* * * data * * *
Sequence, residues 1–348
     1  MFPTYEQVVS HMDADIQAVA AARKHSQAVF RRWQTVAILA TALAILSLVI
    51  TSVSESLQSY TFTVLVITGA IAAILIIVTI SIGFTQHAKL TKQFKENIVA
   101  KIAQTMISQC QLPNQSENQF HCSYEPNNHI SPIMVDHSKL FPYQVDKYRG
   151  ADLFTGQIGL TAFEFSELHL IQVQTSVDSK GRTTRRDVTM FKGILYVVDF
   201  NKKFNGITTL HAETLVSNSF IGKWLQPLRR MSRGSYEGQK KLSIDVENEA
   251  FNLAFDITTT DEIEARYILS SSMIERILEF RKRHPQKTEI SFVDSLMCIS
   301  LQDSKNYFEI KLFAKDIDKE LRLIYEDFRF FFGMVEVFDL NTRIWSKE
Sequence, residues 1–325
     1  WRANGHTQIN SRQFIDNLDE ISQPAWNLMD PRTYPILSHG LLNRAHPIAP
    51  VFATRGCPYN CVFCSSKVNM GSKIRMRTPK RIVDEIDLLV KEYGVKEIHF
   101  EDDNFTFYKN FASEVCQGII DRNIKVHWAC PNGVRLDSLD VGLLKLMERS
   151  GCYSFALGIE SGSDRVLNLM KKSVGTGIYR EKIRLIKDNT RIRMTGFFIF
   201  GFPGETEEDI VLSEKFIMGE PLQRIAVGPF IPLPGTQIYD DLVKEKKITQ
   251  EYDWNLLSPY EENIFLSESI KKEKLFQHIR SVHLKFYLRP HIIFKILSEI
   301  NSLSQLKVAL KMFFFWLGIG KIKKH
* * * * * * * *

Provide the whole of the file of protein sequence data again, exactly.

Sequence, residues 1–348
     1  MFPTYEQVVS HMDADIQAVA AARKHSQAVF RRWQTVAILA TALAILSLVI
    51  TSVSESLQSY TFTVLVITGA IAAILIIVTI SIGFTQHAKL TKQFKENIVA
   101  KIAQTMISQC QLPNQSENQF HCSYEPNNHI SPIMVDHSKL FPYQVDKYRG
   151  ADLFTGQIGL TAFEFSELHL IQVQTSVDSK GRTTRRDVTM FKGILYVVDF
   201  NKKFNGITTL HAETLVSNSF IGKWLQPLRR MSRGSYEGQK KLSIDVENEA
   251  FNLAFDITTT DEIEARYILS SSMIERILEF RKRHPQKTEI SFVDSLMCIS
   301  LQDSKNYFEI KLFAKDIDKE LRLIYEDFRF FFGMVEVFDL NTRIWSKE
Sequence, residues 1–325
     1  WRANGHTQIN SRQFIDNLDE ISQPAWNLMD PRTYPILSHG LLNRAHPIAP
    51  VFATRGCPYN CVFCSSKVNM GSKIRMRTPK RIVDEIDLLV KEYGVKEIHF
   101  EDDNFTFYKN FASEVCQGII DRNIKVHWAC PNGVRLDSLD VGLLKLMERS
   151  GCYSFALGIE SGSDRVLNLM KKSVGTGIYR EKIRLIKDNT RIRMTGFFIF
   201  GFPGETEEDI VLSEKFIMGE PLQRIAVGPF IPLPGTQIYD DLVKEKKITQ
   251  EYDWNLLSPY EENIFLSESI KKEKLFQHIR SVHLKFYLRP HIIFKILSEI
   301  NSLSQLKVAL KMFFFWLGIG KIKKH